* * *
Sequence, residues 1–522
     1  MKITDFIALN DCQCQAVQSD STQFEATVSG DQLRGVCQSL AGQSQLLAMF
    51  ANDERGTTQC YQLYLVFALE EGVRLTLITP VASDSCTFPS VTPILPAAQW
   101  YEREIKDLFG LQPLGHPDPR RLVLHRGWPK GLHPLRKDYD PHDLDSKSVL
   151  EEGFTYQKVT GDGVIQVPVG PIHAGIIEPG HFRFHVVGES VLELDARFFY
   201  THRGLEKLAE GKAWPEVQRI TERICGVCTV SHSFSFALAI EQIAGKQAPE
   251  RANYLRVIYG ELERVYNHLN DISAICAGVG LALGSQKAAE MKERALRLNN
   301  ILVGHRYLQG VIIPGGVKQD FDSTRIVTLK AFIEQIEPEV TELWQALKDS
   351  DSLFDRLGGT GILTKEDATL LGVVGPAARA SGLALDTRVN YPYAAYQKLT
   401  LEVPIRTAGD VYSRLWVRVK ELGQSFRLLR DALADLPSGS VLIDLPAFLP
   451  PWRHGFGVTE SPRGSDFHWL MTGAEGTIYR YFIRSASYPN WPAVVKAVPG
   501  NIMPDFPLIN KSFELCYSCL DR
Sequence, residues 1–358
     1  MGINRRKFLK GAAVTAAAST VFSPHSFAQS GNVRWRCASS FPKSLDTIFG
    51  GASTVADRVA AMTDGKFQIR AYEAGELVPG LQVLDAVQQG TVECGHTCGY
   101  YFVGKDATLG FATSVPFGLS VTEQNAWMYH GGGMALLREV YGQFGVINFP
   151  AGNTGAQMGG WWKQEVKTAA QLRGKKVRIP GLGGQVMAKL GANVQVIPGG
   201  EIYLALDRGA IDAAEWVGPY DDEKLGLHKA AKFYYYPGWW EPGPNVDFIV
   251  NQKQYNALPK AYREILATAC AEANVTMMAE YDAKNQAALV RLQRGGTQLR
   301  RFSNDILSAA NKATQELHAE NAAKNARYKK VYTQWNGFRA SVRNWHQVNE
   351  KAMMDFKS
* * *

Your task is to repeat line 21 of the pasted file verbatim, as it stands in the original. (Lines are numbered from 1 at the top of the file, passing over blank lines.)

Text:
   351  KAMMDFKS